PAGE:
For this reason, I chose to make energy and valence relate to how saturated, or vivid, a color is. The maximum saturation level is still quite low (currently at 40); this was an aesthetic choice. If saturation is much higher, the snowflakes are less pleasing to look at, and the colors are more likely to clash with each other.
Brightness => (Constant Max)
The brightness is a constant: all songs have the maximum brightness value. Because I chose to use a black background and low saturation, maintaining brightness at the maximum is necessary (otherwise, some lines would be challenging or even impossible to see).
Opacity => Section Loudness
The opacity (alpha) value is determined by a section's loudness: the quieter a song, the more transparent the line/color. Loudness is measured in decibels and is almost always a negative number for music.
Each line forms a geometric shape called a hypotrochoid (pronounced hai-po-tro-koid).
Hypotrochoids are mathematical roulettes traced by a point P that is attached to circle which rolls around the interior of a larger circle. If you have played with Spirograph, you may be familiar with the concept.
The shape of any hypotrochoid is determined by the radius a of the large circle, the radius b of the small circle, and the distance h between the center of the smaller circle and point P.
For Audio Snowflake, these values are determined as follows:
a: song duration
b: section duration
h: song duration minus section duration
Note that with Spirograph, the value of h must necessarily be less than the value of b, because you have to place the pen somewhere inside the smaller circle. That's not the case with digital renderings: the "pen" can be outside the smaller circle, yet still attached to its rotation. The drawings below make this clear.
A hypotrochoid in which the value of h is less than the radius b.
A hypotrochoid in which the value of h is greater than the radius b.
Images from Wolfram MathWorld.
The hypotrochoids are rendered as x,y coordinates on a Cartesian grid using the following trigonometric equation and the values described in the above section on the geometry. (The value t is an angle that increments very slightly after each x,y coordinate is computed.)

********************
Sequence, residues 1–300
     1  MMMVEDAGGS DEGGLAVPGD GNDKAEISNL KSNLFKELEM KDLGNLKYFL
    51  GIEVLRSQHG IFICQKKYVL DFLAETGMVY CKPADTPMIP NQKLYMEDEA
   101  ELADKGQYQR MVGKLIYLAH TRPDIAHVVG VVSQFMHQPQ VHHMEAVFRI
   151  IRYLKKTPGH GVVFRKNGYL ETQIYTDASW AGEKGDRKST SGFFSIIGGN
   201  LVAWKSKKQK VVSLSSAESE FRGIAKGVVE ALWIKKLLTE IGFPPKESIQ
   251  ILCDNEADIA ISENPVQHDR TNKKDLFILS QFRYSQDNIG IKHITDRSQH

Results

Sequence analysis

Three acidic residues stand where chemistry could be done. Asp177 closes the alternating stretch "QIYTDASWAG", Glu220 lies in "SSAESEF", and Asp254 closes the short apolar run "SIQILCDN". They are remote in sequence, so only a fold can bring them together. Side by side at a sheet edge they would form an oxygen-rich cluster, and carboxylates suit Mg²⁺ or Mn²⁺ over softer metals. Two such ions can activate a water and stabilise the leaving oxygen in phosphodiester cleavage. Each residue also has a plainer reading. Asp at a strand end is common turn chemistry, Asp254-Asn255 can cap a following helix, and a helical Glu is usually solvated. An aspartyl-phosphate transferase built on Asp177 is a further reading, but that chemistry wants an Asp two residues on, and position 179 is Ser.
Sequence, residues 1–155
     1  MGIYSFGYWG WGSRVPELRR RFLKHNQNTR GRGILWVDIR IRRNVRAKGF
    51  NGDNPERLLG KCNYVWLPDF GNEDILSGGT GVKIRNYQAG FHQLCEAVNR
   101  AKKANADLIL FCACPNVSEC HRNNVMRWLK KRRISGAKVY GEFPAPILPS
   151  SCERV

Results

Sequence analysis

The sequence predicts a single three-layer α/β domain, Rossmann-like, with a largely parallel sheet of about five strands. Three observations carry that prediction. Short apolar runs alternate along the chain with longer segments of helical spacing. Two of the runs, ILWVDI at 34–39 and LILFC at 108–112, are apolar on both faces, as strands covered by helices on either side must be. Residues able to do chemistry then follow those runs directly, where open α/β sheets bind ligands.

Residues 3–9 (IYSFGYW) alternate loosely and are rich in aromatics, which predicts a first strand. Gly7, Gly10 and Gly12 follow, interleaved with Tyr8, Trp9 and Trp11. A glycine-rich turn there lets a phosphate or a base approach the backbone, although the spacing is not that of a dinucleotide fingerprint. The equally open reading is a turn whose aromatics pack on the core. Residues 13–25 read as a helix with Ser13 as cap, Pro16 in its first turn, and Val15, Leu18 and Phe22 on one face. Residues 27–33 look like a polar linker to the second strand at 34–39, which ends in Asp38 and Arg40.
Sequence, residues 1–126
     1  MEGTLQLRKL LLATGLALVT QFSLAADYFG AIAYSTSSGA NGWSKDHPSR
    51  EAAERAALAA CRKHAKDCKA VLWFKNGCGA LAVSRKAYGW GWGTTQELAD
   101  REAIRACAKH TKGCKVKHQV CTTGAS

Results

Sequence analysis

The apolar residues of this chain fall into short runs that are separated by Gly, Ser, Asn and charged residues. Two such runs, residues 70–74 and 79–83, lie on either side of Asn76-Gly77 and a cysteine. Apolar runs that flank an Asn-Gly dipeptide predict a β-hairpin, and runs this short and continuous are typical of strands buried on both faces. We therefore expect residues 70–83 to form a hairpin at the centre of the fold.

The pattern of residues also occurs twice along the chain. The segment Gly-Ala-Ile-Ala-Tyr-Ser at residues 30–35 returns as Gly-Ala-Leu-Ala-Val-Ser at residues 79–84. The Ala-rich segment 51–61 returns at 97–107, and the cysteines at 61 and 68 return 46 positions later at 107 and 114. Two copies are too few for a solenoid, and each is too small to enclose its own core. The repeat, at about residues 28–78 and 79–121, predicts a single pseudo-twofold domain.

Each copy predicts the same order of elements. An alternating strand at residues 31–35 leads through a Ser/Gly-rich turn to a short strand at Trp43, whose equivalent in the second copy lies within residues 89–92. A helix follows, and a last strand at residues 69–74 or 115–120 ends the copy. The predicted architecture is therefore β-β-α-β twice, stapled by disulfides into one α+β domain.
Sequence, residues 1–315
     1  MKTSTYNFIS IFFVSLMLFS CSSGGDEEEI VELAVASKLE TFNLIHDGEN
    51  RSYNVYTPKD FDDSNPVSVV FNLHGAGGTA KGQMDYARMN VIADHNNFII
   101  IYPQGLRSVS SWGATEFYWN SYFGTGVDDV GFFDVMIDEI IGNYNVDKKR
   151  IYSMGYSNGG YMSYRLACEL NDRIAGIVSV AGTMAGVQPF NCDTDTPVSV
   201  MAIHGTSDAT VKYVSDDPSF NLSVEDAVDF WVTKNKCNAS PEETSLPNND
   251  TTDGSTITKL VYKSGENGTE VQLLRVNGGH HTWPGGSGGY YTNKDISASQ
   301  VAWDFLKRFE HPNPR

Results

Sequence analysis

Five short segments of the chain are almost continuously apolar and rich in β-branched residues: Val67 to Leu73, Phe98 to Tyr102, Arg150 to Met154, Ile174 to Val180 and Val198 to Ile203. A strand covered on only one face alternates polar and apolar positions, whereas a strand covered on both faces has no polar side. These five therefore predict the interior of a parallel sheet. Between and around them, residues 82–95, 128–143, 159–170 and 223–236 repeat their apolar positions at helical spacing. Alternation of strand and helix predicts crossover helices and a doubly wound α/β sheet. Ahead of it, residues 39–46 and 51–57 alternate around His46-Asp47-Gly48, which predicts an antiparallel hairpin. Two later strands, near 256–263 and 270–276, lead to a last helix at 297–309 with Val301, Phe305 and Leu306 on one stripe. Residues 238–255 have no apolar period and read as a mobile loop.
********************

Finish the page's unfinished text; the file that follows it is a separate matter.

x = (a−b) x cos t + h x cos( (a−b) ÷ b) x t)
y = (a−b) x sin t - h x sin( (a−b) ÷ b) x t)
The Cartesian grid is scaled according to the window size at the time the page loads.
The Echo Nest Analyze API supplies extremely detailed song data, measuring as finely as the onset and duration of each microbeat of a song. Other qualities, such as key, mode (major or minor), tempo, time signature, etc. are provided as well, as are more nuanced qualities, such as "danceability," "speechiness," "acousticness," "liveness," and so on.
The song data is analyzed on several different scales: segments, sections, beats, and tatums (sub-beats). The grouping I chose to focus on for this project are "sections." In Echo Nest's data, a new "section" denotes a significant change in the music. This change can be a change in key, mode, tempo, loudness, time signature, and so forth.
The sections data was more relevant to Audio Snowflake, as one of my goals was to visually represent the composition of a song.
Audio Snowflake is a music visualizer created by Wendy Dherin in 2014. The imagery is inspired by Spirograph and cymatics and were made possible by the detailed track analysis information supplied by the Echo Nest API. The embedded web player is made possible by Spotify.
In addition to the support of my husband and fellow Hackbright fellows, the following people were instrumental to the project, providing mentorship, inspiration, and guidance:
- Nick Audo
- Nick Avgerinos
- Lindsay Cade
- Cynthia Dueltgen
- Joel Burton
- Katie LeFevre
- Meggie Mahnken
- Sean Teague
- Andy Bartholomew
- Pamela Fox
- Kristin Henry
- Brenda Jin
- Beth Jubera
- Lynn Root
- Ava St. John
- Jeff Tchang
- Steve Tjoa
Friends & Family
- Benoit Dherin
- Penelope Cameron